The U.S. Military has taken back nearly 75% of Manhattan, the Free States are looking like they might be all but defeated, and the scapegoat for the United States is all set to be put to death for the world to see America end it's second Civil War. But Matthew Roth has the only piece of evidence that would reveal the truth about a nuclear device detonated on American soil. A nuke that was blamed on the Free States and political figure Parco Delgado. But in reality, was set off by the U.S. government. Roth has to decide as a photojournalist if it's more ethical to end the war, or give the American people the truth about the war that's been fought on their soil for nearly a decade.
Written by Brian Wood, drawn by Riccardo Burchielli, and published by VERTIGO, this issue of DMZ was a gripping struggle with truth and war when it comes to the press. Roth is a man who wants to fight for Manhattan and nothing else. He wants to see the city go back to the majesty it once was, and both sides of the opposition seem to want to keep that from happening for their own personal agendas. The moral choice of ending the war to save lives and telling the truth about what's been going on under everyone's noses is something heavy to bare when a nuclear explosion is the cause of the debate.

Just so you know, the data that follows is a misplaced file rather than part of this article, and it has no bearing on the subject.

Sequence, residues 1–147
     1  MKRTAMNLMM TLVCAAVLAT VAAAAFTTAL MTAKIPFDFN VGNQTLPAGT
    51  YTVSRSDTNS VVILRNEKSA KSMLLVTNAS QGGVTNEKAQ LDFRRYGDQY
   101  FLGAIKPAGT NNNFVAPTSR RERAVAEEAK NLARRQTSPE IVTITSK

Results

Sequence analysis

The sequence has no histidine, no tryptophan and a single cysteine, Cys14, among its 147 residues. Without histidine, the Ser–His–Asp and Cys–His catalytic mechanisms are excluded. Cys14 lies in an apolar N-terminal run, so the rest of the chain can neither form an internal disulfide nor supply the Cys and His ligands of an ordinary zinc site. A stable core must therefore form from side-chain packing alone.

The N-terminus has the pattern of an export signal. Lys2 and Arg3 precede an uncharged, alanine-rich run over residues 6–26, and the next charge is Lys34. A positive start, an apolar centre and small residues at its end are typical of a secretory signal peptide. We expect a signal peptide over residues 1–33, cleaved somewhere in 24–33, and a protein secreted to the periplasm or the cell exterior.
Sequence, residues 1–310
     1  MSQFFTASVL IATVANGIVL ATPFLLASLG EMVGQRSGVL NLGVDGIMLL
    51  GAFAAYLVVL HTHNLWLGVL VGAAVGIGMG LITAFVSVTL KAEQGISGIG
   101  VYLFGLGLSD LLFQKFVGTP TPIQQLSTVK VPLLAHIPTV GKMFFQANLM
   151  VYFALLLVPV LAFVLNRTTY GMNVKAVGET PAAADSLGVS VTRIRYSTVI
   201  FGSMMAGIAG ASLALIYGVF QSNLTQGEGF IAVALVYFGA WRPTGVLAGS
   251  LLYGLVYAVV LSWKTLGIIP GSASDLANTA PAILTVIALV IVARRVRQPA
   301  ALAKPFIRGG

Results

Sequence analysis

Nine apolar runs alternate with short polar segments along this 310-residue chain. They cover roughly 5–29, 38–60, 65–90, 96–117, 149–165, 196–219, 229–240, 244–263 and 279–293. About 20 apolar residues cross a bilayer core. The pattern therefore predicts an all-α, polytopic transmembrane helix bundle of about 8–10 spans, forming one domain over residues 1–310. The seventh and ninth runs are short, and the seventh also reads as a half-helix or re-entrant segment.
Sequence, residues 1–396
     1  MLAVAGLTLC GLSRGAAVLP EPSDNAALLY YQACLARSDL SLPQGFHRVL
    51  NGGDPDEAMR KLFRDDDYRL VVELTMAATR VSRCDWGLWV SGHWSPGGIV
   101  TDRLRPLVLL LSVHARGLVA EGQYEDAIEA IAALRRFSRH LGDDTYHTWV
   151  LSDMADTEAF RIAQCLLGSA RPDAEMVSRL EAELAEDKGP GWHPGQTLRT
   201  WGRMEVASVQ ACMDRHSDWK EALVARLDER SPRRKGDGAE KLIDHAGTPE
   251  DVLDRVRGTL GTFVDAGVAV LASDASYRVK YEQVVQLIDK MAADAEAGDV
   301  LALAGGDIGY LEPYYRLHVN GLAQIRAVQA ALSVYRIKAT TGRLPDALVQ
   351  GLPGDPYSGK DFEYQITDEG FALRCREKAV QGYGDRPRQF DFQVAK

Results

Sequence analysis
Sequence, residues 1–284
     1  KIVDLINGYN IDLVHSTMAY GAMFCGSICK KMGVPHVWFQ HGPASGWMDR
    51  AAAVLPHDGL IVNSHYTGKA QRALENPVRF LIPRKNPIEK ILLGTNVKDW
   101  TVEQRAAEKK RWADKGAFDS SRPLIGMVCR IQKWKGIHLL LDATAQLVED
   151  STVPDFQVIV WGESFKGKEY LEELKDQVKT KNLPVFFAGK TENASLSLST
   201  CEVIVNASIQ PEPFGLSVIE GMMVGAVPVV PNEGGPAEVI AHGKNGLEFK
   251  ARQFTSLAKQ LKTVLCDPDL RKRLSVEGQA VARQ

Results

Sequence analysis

Wood has been crafting a realistic and hauntingly powerful series about what it would be like if America went to war with itself again, and it's something that really moves me as a reader. More people should put out comics like this, or at least take a big lesson from someone who has something to say on the genre and the current state of our country and the horrible paths it could take. A+ all around.